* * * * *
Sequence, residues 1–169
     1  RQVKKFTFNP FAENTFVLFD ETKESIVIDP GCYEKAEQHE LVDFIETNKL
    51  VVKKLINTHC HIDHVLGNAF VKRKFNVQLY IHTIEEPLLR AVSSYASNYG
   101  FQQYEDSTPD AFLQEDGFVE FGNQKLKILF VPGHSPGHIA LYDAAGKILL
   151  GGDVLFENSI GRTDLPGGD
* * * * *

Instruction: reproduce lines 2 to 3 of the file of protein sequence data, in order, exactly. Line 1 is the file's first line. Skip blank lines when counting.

     1  RQVKKFTFNP FAENTFVLFD ETKESIVIDP GCYEKAEQHE LVDFIETNKL
    51  VVKKLINTHC HIDHVLGNAF VKRKFNVQLY IHTIEEPLLR AVSSYASNYG